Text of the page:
After seeing the above basic predicates you can see how the solving might proceed. Note, the built-in findall/3 predicate is used a lot to find all possible solutions.

Discovered values are stored in the form of [Row,Col,Value]. If in an intermediate stage with multiple possible values, we use [Row,Col,[Values]]. The predicate assign/3 applies the found results to the grid. It fails if there is nothing to apply, so each individual step doesn't need to explicitly check if it didn't find anything.

• Sanity check: Check that there are no cells for which possibles/4 returns an empty set. This means we screwed up. This is where it's important for possibles/4 to fail on filled in cells rather than return an empty set.
• First method: Find all cells where possibles/4 returns a single element. If found, that's the element to fill in.
• Second method: This is trickier. For each row, column and box we collect the set of possibles for each cell. Within a single (for example) row, we take each the possibles for each cell and subtract the possibles for the other cells. If there is exactly one number left over, that's number it should be.

We do this search in row, column and boxes one after the other and return the union of the results. (row|col|box)set/3 are the testing predicates. (row|col|box)all/2 are the predicates to collect the results.

• Third method: This is the Locked Candidates test. For each row, column or box it extract the set of possibles. If a number in that row, column or box only appears in one section of it, it is excluded in the other direction also.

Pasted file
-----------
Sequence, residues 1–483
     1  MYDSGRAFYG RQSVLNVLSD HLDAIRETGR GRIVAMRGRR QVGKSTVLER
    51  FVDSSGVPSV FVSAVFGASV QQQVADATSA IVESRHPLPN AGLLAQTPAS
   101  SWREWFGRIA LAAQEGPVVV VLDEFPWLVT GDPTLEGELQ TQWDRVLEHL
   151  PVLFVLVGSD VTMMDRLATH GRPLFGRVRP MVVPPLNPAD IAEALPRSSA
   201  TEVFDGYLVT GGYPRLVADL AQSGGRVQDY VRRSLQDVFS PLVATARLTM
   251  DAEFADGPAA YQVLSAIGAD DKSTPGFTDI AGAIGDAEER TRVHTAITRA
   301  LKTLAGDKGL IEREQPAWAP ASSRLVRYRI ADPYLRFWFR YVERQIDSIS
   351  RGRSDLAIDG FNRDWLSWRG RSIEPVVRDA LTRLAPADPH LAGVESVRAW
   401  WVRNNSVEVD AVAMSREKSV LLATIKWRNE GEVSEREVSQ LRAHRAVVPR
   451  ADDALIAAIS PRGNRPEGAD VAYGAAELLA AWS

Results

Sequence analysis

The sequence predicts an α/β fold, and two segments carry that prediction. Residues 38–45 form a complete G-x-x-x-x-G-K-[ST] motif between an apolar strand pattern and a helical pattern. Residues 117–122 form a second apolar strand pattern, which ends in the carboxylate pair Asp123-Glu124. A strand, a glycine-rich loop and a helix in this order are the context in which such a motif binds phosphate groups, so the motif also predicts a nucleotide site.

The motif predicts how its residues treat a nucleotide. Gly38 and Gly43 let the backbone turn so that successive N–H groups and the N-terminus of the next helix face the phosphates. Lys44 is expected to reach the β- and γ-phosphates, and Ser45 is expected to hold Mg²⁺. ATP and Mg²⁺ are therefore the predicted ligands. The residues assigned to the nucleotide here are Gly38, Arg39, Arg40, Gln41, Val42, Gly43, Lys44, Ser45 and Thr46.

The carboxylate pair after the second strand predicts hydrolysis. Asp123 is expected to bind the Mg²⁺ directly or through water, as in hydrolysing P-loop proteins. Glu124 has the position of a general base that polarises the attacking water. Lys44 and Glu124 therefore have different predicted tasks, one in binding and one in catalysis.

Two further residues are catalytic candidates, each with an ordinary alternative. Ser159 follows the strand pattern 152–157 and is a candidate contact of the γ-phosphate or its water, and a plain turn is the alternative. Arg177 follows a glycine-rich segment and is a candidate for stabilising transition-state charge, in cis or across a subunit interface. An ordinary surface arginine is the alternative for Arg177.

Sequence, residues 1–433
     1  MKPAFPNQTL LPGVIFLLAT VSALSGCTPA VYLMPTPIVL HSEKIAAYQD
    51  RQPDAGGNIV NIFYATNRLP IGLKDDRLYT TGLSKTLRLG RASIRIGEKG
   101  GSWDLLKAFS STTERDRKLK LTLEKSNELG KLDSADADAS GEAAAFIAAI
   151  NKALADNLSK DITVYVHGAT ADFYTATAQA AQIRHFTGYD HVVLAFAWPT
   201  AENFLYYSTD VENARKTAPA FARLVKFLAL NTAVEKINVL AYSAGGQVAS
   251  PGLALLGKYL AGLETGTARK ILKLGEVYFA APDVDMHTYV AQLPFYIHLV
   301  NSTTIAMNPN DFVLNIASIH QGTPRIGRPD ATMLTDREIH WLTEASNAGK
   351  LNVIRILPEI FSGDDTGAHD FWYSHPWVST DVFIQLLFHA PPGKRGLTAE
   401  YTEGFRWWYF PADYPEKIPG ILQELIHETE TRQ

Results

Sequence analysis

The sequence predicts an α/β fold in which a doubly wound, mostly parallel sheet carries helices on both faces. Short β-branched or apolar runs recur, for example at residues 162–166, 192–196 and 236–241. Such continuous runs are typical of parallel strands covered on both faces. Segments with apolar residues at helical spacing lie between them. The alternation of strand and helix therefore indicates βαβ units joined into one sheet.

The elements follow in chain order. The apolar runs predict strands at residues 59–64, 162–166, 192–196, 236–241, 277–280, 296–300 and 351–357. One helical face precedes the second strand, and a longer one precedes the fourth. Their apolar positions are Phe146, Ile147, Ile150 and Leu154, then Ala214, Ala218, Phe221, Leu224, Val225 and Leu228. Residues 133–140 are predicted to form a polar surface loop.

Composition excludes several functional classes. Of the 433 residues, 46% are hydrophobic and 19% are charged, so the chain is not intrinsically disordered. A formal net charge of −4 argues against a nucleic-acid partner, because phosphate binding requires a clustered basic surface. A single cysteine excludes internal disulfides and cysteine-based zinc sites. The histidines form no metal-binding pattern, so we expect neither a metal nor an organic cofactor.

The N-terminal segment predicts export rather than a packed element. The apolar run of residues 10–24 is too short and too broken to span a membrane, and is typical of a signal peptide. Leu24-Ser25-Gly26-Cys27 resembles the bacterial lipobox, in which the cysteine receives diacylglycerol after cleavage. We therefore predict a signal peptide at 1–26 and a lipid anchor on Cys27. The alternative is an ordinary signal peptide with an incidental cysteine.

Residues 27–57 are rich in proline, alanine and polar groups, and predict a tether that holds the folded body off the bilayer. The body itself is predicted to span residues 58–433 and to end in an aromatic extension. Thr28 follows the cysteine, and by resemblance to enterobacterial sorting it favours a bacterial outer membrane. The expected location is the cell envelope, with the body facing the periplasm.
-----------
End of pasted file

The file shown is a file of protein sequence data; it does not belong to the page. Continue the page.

Much of the complexity here it caused by the fact that I generalised it to handle all the possiblities. It choose a major axis (say row) and number (say 1) and a minor axis (say box). It will then select all the cells in row 1. It divides these cells by the minor axis giving you a set with the number used in the intersections of (row 1, box1) (row 1, box 2) (row 1, box 3). If any of those contain a number not in the other two, that number can be removed for all other rows in the same box.

A bit difficult to get your head around but it's a very effective solve method.

• Fourth method: This basically scans each row, column or box and tries to find a subset of cells where the number of distinct numbers is the same as the number of cells. Works quite well.
If none of the above work we've either solved the puzzle or got stuck. In either case, print the result and stop.

## Speed

Basically, it solves the puzzle quicker than you can type it in. The problems in the file I've put in the predicate problem/2 so you basically say:
```   > problem(1,X), solve(X).
```
This will solve the first puzzle in the file. I defined 7. Ideally it should read from a file but I havn't done that yet.

It prints out each step along the way along with which each type of method it used. You could turn this off if you want. It's probably fast enough to create a puzzle setter. solve/2 will fail outright if the puzzle is inconsistent and return an incomplete grid if there is not enough information. You could score the different methods of solving to try and make harder-to-solve puzzles.